On 15 March 2016, the US Department of the Treasury’s Office of Foreign Assets Control (OFAC) and the US Department of Commerce’s Bureau of Industry and Security (BIS) announced significant amendments to the Cuban Assets Control Regulations (CACR) and Export Administration Regulations (EAR). The move follows earlier amendments implemented in the last year and further advances the policy goals announced by President Obama on 17 December 2014 concerning US-Cuba relations.
For decades, the US has maintained a comprehensive embargo on trade with Cuba. Since December 2014, the US authorities have taken actions to facilitate US engagement with Cuba, by authorizing a broad range of activities including travel, telecommunications, financial services, trade and shipping.
The recent amendments further authorize certain travel and related transactions, banking and financial services, trades and commerce and grants and awards with or involving Cuba or Cuban people. Under the amended CACR, US persons are now permitted to travel to Cuba for individual people-to-people educational travel without the involvement of an US organization. Additionally, these regulations expand Cuba and Cuban nationals’ access to US financial institutions by, among other things, allowing so-called "U-turn" payments through the US financial system, the processing of USD monetary instruments and the opening and maintaining of US bank accounts for Cuban nationals. The amended regulations also allow a number of trade and commerce transactions by US persons related to, among other areas, dealing in Cuba-origin goods in a third country, establishing and maintaining business and physical presence for certain authorized business transactions, provision of educational grants and awards, and importation of Cuban-origin software. The text of the new rule adopted by the OFAC is available here.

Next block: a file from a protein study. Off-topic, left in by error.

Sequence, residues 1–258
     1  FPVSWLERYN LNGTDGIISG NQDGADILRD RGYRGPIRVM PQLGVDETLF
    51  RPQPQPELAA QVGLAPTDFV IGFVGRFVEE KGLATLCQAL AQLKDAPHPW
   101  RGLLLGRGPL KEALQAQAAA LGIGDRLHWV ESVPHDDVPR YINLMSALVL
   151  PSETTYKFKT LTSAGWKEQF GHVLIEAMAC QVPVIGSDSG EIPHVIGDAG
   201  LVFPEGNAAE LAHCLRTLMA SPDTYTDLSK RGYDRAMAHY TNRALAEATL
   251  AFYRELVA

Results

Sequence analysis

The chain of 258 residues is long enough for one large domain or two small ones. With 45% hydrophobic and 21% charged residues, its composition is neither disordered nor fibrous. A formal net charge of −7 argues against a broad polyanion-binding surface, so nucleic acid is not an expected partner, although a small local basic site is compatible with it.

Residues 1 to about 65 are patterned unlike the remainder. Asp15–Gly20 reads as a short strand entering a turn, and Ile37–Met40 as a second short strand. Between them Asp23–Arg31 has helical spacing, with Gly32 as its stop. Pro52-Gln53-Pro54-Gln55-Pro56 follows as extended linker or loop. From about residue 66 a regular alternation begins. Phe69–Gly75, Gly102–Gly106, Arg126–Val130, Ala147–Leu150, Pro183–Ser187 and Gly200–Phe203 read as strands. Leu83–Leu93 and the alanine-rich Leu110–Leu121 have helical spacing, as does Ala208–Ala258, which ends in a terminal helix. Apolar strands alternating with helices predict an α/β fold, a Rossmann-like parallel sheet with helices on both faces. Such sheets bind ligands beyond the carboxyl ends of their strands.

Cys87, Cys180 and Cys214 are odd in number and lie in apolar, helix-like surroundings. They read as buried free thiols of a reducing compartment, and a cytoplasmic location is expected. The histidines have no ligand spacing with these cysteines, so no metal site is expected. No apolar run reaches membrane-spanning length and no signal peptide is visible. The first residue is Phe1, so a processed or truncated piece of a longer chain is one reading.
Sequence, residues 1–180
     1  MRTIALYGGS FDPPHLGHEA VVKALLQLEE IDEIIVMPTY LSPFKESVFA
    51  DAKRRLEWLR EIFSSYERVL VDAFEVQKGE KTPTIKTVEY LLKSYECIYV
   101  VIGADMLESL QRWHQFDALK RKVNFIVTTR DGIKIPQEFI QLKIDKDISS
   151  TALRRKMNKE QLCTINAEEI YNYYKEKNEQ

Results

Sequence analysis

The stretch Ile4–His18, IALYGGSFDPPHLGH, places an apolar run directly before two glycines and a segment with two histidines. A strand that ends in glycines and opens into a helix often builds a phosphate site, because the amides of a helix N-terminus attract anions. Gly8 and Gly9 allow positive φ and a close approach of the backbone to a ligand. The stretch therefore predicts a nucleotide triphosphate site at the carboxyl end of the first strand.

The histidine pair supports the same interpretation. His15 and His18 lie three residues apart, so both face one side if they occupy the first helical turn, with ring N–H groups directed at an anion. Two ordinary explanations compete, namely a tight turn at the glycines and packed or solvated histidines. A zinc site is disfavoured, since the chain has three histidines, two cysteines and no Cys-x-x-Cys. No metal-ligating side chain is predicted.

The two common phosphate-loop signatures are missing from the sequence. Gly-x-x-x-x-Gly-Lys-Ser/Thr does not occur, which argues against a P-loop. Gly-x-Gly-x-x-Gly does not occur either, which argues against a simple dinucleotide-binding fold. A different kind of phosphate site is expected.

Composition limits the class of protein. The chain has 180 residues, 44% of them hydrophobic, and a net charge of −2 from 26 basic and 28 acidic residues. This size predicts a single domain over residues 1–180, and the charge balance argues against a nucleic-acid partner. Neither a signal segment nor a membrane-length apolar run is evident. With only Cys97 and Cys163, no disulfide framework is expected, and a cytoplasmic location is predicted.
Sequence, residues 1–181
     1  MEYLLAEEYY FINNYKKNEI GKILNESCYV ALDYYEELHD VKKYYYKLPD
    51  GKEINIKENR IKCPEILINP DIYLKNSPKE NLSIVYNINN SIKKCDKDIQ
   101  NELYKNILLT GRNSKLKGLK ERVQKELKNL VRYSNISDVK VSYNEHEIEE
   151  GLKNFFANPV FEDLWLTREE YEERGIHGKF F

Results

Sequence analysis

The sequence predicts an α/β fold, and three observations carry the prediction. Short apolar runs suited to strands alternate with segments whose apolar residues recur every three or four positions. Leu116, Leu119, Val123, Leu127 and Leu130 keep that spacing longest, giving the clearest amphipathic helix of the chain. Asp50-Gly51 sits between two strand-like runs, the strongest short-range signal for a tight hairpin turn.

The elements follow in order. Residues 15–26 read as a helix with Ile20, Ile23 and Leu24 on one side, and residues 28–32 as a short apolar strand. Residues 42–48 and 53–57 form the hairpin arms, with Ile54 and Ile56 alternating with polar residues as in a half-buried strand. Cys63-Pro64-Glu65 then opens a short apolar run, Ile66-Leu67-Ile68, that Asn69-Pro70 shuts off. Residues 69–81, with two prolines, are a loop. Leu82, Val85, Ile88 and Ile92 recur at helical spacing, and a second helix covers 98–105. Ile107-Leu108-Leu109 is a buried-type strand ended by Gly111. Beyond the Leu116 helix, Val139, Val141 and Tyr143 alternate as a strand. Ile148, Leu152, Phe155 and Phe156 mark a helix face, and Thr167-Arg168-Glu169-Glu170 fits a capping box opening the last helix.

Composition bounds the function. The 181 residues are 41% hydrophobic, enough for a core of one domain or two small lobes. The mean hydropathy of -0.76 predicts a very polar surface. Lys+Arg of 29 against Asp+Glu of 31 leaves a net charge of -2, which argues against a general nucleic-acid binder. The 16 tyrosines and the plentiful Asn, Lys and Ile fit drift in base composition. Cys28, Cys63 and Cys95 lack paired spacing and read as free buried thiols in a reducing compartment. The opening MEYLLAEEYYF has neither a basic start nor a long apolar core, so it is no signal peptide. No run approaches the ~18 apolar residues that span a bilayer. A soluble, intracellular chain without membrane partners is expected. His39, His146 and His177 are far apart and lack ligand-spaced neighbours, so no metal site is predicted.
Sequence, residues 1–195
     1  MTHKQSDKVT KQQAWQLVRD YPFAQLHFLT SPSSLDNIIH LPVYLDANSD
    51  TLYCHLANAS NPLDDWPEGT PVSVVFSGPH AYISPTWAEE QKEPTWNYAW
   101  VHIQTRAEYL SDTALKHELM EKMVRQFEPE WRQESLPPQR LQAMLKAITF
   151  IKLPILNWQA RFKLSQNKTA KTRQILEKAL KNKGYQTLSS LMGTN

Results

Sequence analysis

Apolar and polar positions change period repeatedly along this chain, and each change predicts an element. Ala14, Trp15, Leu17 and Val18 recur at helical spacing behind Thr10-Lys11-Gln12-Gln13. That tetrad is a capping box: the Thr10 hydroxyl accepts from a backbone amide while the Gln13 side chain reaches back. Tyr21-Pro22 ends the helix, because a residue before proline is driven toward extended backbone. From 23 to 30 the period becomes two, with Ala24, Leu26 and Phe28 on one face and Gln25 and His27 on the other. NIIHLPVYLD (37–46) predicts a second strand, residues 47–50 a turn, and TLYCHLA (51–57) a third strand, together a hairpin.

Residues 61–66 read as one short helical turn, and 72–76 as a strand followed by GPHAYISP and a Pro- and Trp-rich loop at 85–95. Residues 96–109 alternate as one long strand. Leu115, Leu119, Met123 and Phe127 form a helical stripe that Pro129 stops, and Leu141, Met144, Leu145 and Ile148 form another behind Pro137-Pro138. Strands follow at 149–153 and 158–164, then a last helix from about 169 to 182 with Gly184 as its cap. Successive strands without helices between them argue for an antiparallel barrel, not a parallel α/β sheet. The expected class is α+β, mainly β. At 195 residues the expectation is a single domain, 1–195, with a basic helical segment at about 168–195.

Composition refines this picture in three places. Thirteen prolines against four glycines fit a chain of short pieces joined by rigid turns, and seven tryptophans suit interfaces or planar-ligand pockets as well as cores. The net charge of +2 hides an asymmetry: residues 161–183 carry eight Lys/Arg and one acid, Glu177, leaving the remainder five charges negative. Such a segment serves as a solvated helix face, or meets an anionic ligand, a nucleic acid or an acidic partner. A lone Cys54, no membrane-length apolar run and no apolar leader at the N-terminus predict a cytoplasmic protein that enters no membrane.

In the export controls areas administered by BIS, conforming changes are made to the EAR to generally authorize exports and re-exports of eligible items to establish and maintain a physical or business presence in Cuba that is authorized by OFAC. The amendments also generally authorize vessels to transport authorized cargo from the United States to Cuba and then sail to other countries with any remaining cargo that was onloaded in the United States. BIS will adopt a licensing policy of case-by-case review for exports and re-exports of items that would enable or facilitate exports from Cuba of items produced by the Cuban private sector. The text of the new rule adopted by the BIS is available here.
In addition, last month, the US Department of Transportation signed an arrangement with its Cuban counterparty that provides for the re-establishment of scheduled air service between the US and Cuba, and US air carriers are invited to apply for an allocation to provide such service.
Despite the significant changes that further ease sanctions on Cuba, the Cuba embargo remains in place and most transactions between, the US or persons subject to US jurisdiction (including foreign entities owned or controlled by a US entity), and, Cuba or Cuban nationals, continue to be prohibited. For potential trade with and investment in Cuba, specific US sanctions advice should be sought by those subject to US jurisdiction. The New York office of Herbert Smith Freehills has handled a wide range of matters related to the various US sanctions programs and stands ready to assist businesses seeking sanctions compliance advice.